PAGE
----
Something of that sort is going on all over the world to-day in connection with chemical products, with flying machines, with products of atomic energy and with a number of other great inventions which may revolutionise civilisation in the future. I wish that my noble friend Lord Cherwell would tell your Lordships something about the position of inventions. His knowledge is infinitely greater than mine, and he could explain to your Lordships in detail that almost everything depends upon research. I believe that it would be a tremendous mistake to do anything which would make the task of the inventor greater than it is at present, or the rewards of the successful inventor less than they now are. One must not suppose that, because an inventor has produced his invention, and patented it according to these proposed clauses, he has done his work and will reap some reward. I could give your Lordships numbers of instances of the most ingenious and, apparently, the most simple invention, where the inventor can do nothing with it.

I will mention only one such example—an invention which we all have in every-day use and which, I imagine, the fair sex use more than we do—that is to say, the Zipp fastener. The inventor of the Zipp fastener travelled round England trying to get somebody to take it up. Nobody would take it up until at last a particular well-known tobacco manufacturer thought it would be useful for closing tobacco pouches. After that had been placed on the market, the world suddenly came to the conclusion that here was an invention which could be used for all kinds of businesses. I have said that because I hope very much that, in considering the clauses of this valuable Bill, we shall bear in mind that inventors, as a class, are among the worst paid, able people in the world. They have the hardest possible time and the rewards for their inventions are often nothing at all. Fleming, who invented the Fleming valve, could not find anybody to take it up, with the result that he could not afford at that time to pay the renewal fees. That particular invention is in use in every radio set in the world. That is a single example which may be interesting to your Lordships.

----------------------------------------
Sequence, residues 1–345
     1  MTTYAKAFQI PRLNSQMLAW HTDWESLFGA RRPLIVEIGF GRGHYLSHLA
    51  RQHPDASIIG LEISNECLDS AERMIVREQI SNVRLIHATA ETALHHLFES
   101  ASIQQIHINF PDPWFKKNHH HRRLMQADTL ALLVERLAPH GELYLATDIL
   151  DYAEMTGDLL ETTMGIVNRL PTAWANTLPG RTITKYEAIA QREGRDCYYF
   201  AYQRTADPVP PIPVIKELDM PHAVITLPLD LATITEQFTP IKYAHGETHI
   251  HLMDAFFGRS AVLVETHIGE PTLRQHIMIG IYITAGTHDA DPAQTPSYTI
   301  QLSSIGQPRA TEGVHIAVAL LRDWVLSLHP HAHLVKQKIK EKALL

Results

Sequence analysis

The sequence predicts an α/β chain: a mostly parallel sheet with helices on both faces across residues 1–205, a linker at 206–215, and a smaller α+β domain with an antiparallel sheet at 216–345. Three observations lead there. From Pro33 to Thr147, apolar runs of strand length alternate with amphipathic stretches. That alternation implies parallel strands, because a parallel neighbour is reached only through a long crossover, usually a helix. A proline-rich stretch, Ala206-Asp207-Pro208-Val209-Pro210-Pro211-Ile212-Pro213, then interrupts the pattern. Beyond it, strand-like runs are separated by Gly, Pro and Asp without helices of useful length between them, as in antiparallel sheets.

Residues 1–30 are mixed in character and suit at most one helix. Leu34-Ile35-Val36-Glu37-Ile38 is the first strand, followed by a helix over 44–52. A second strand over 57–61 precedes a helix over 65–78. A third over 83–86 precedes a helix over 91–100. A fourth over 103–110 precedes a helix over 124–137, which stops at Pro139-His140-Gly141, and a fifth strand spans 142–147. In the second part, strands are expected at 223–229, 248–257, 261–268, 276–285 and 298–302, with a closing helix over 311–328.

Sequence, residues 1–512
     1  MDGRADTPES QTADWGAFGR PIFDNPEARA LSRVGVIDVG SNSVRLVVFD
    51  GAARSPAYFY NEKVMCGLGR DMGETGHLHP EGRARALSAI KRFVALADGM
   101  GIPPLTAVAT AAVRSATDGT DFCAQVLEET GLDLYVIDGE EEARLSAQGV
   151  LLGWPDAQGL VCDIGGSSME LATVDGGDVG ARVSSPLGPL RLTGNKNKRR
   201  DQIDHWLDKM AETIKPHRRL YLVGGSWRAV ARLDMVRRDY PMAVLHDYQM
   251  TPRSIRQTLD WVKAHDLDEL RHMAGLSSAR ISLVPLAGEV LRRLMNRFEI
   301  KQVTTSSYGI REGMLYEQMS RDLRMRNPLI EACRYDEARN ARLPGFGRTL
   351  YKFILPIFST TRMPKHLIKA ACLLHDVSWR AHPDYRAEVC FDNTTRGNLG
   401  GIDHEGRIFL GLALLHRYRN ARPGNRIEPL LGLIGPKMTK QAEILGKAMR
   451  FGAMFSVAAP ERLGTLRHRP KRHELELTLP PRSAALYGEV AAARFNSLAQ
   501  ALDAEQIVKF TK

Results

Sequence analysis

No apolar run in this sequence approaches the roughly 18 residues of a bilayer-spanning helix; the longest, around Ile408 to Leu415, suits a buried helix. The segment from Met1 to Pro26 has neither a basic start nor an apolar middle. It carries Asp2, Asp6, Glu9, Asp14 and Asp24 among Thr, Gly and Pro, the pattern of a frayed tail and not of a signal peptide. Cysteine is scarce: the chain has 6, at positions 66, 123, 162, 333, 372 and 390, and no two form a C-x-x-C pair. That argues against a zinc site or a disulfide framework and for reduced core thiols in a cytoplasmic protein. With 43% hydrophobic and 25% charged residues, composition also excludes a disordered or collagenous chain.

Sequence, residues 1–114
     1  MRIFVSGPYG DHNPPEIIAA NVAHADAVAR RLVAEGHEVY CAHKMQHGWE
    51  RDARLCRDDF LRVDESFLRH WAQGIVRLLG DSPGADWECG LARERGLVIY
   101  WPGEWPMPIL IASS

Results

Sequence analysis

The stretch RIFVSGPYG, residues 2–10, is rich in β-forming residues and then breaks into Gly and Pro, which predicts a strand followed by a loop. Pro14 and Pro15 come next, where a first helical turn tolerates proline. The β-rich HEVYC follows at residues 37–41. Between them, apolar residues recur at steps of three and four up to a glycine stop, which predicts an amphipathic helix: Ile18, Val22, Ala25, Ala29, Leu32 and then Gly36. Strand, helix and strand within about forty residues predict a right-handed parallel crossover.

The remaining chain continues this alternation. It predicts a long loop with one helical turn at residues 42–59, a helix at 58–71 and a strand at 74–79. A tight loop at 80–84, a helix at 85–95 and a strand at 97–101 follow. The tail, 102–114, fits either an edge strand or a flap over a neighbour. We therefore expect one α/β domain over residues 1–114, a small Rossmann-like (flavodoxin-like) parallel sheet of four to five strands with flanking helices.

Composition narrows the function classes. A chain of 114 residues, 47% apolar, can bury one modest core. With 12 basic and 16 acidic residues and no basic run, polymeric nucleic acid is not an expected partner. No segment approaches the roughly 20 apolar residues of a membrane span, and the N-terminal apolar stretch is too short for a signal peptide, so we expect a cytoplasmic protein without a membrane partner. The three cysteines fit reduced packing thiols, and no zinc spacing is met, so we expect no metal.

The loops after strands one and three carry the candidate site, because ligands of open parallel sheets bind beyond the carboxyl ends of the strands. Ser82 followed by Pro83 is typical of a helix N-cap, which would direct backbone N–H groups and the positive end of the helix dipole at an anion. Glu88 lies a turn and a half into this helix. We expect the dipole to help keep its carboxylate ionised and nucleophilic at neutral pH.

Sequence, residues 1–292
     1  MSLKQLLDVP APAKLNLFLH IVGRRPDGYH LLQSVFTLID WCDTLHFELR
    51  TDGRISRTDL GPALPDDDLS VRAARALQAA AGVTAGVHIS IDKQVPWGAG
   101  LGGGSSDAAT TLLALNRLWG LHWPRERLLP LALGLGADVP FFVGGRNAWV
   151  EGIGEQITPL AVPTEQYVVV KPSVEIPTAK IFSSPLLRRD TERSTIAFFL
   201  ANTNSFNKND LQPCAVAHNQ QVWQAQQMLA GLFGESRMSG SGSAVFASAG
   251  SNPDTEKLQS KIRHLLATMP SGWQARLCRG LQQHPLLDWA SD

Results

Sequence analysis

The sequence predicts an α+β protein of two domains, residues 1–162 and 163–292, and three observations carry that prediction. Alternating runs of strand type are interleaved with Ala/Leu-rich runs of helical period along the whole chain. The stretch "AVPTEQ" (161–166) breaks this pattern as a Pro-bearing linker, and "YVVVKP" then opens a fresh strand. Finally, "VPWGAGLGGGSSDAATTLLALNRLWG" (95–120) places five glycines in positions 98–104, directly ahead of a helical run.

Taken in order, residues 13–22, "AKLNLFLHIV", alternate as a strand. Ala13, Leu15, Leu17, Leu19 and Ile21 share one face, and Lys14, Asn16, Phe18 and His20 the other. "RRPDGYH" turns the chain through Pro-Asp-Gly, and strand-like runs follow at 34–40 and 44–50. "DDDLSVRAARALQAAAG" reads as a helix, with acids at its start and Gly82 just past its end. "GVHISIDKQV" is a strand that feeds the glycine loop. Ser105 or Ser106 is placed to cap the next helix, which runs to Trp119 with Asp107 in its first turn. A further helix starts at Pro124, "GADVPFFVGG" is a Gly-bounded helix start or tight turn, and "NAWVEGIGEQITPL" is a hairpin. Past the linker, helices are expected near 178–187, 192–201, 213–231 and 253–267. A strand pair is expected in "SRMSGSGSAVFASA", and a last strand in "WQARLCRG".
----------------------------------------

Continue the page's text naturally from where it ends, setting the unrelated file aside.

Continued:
I urge your Lordships, therefore, to realise that the granting of a patent is the granting of a limited monopoly for a limited time; so it must be looked at with considerable care. The position of the patentee or his assignee must not be made more difficult than is in the public interest necessary, The clauses which give people the right to attack an inventor's patent, or to obtain compulsory licences, and so on, ought to be looked at with great care. Speaking in wide and general terms, I think that this Bill is an admirable Bill, and it will do a great deal to help the inventor, subject to a careful scrutiny of some of the matters which have been referred to. I have not the smallest doubt that the Bill deserves a Second Reading, and I hope that, improved as it may be before it passes through this House, it will be able in a short time to improve the position of inventors, whose interests I have at heart.